Deep-sea sponge derived environmental DNA analysis reveals demersal fish biodiversity of a remote Arctic ecosystem
|Brodnicke, O., Meyer, H. K., Busch, K., Xavier, J. R., Knudsen, S. W., Møller, P. R., Hentschel, U. and Sweet, M.
The deep-sea is vast, remote, and largely underexplored. However, methodological advances in environmental DNA (eDNA) surveys could aid in the exploration efforts, such as using sponges as natural eDNA filters for studying fish biodiversity. In this study, we analyzed the eDNA from 116 sponge tissue samples and compared these to 18 water eDNA samples and visual surveys obtained on an Arctic seamount. Across survey methods, we revealed approximately 30% of the species presumed to inhabit this area and 11 fish species were detected via sponge derived eDNA alone. These included commercially important fish such as the Greenland halibut and Atlantic mackerel. Fish eDNA detection was highly variable across sponge samples. Highest detection rates were found in sponges with low microbial activity such as those from the class Hexactinellida. The different survey methods also detected alternate fish communities, highlighted by only one species overlap between the visual surveys and the sponge eDNA samples. Therefore, we conclude that sponge eDNA can be a useful tool for surveying deep-sea demersal fish communities and it synergises with visual surveys improving overall biodiversity assessments. Datasets such as this can form comprehensive baselines on fish biodiversity across seamounts, which in turn can inform marine management and conservation practices in the regions where such surveys are undertaken.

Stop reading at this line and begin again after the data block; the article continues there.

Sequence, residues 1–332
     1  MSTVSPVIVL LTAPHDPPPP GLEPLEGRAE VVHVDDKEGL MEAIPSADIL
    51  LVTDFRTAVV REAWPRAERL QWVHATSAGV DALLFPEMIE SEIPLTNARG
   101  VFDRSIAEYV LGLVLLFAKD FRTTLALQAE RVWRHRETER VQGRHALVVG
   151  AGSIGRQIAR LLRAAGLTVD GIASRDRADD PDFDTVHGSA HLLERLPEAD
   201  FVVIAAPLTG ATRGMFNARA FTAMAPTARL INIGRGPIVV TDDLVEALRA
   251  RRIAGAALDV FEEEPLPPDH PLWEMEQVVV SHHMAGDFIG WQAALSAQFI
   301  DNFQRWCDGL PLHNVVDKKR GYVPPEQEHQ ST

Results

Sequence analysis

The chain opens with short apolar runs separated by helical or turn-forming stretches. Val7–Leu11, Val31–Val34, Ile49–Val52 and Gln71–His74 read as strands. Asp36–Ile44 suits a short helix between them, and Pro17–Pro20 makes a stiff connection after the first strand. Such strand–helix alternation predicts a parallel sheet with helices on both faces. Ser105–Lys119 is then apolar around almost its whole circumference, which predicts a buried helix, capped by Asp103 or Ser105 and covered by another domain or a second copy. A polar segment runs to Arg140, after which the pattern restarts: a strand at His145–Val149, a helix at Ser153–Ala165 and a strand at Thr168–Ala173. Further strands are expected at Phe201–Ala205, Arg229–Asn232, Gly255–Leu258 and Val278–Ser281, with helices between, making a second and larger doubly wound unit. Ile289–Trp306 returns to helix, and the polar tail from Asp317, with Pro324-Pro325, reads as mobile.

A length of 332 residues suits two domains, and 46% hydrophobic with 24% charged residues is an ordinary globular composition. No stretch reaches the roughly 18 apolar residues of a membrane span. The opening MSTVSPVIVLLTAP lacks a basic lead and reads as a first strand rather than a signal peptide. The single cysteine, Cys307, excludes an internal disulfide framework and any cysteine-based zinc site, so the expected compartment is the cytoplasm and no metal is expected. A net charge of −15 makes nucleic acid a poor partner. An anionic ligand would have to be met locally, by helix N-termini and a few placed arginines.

|deep-sea ; environmental DNA (eDNA); Arctic seamount
|Digital Object Identifier (DOI)
|Web address (URL)
|18 Aug 2023
|Publication process dates
|12 Oct 2023
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